With a track record of success as piping material in Europe, polypropylene is expected to be a winner in the North American sanitary sewer and drainage markets as the continent's largest corrugated pipe maker launches a new PP product.
That is the general consensus of engineers and pipe industry officials who in April heard Hilliard, Ohio-based Advanced Drainage Systems Inc. announce that it will launch a triple-wall corrugated PP pipe in spring 2009.
``[PP] is going to be a good product. It's going to break down some of those barriers in the marketplace that have been put out there by competitive products,'' said engineer and pipe consultant Tim Toliver, president of Bowling Green, Ohio-based Advanced Pipe Services LLC. ``[PP] is easier to design with, it doesn't have stress cracking - I think they're on to something,'' Toliver said by telephone.
PP pipe has been used extensively in Europe, according to Gene Palermo, president of Palermo Plastics Pipe Consulting, in Friendsville, Tenn.
``It definitely has more rigidity,'' Palermo said. ``It's a stiffer material. It may be useful for deeper-bury service; one application is sanitary sewer.''
ADS officials cited the sanitary sewer market as one they hope to penetrate with their new product.
``My personal belief is that the evolution of [PP] corrugated pipe in North America will basically help in the promotion of plastic pipe and will allow the usage of corrugated pipe in certain applications,'' Palermo said. ``[PP] may be the answer to penetrate the sewer market and other competition markets.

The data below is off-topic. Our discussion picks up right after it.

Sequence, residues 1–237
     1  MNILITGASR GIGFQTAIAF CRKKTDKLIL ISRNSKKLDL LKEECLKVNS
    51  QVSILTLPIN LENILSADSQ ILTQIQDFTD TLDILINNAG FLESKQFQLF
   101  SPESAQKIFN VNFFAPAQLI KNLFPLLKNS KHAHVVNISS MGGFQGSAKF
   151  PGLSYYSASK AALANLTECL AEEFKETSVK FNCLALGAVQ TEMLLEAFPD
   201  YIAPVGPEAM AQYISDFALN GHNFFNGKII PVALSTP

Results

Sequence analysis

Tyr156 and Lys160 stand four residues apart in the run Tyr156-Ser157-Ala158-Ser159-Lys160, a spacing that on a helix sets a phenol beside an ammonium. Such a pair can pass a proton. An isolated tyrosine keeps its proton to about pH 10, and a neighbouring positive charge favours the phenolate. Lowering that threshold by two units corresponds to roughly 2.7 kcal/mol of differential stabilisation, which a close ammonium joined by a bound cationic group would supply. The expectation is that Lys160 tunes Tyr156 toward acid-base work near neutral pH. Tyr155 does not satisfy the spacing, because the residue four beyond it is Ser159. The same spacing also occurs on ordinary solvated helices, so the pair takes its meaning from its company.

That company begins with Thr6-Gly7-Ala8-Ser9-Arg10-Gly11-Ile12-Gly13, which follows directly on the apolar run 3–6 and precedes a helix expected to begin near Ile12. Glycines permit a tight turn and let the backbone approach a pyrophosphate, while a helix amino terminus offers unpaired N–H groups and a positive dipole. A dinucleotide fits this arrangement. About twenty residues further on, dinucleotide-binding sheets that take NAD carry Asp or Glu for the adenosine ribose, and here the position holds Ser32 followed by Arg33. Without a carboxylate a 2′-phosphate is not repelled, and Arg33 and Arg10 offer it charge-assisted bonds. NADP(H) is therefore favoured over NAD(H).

``A lot of the experience the Europeans have with the use of corrugated [PP] will help in that avenue,'' he said.
The ADS initiative will further illustrate the strength of plastics as pipe material, said Tony Radoszewski, executive director of the Irving, Texas-based Plastics Pipe Institute.
``From a PPI standpoint, it shows the versatility of polymer that exists in the world that can be used to be viable competitors against the standards in the industry. In this particular instance, that's going to be metal and concrete,'' Radoszewski said.
It is yet another example, he said, of how the plastics industry is constantly evolving while concrete and metal remain relatively static.
``We're constantly improving,'' he said. ``Instead of adding filler to make the product cheaper, we make advancements to make the product better.''
Kurt Waldhauer, president and chief executive officer of McPherson, Kan.-based machinery maker American Maplan Corp., said a successful launch of PP pipe in North America for ADS should precipitate other pipe makers following suit ``once ADS blazes the trail and gets the standards going.''
The new products, which ADS will call N-12 HP, will be specified through a new ASTM International standard currently under development, according to ADS officials.
The PP will call for some line changes for the pipe companies accustomed to processing polyethylene, Waldhauer said.
``For the same amount of volume, the tooling is pretty much the same,'' he said. ``What changes is the mold blocks.''
PP crystallizes faster than PE, he said, calling it one of its advantages.
``It's part of what gives it its high strength, what gives it its crack-propagation resistance,'' he said.
That will require pipe extruders to invest in new mold blocks, and perhaps new cooling mandrels and joint-gasketing systems, he said.
It has been technological advancements in PP resin that have allowed this new use for the material, Toliver said.
``[PP] is really coming into its time, if you will,'' he said.